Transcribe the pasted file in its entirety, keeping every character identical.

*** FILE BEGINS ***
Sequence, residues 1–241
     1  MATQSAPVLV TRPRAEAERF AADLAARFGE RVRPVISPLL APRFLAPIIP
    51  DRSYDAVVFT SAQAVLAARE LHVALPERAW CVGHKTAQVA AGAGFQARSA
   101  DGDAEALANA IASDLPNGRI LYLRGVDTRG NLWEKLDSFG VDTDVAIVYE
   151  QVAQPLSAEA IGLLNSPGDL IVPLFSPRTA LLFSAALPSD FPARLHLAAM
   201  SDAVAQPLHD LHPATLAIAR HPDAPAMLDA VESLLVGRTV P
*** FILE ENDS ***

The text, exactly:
Sequence, residues 1–241
     1  MATQSAPVLV TRPRAEAERF AADLAARFGE RVRPVISPLL APRFLAPIIP
    51  DRSYDAVVFT SAQAVLAARE LHVALPERAW CVGHKTAQVA AGAGFQARSA
   101  DGDAEALANA IASDLPNGRI LYLRGVDTRG NLWEKLDSFG VDTDVAIVYE
   151  QVAQPLSAEA IGLLNSPGDL IVPLFSPRTA LLFSAALPSD FPARLHLAAM
   201  SDAVAQPLHD LHPATLAIAR HPDAPAMLDA VESLLVGRTV P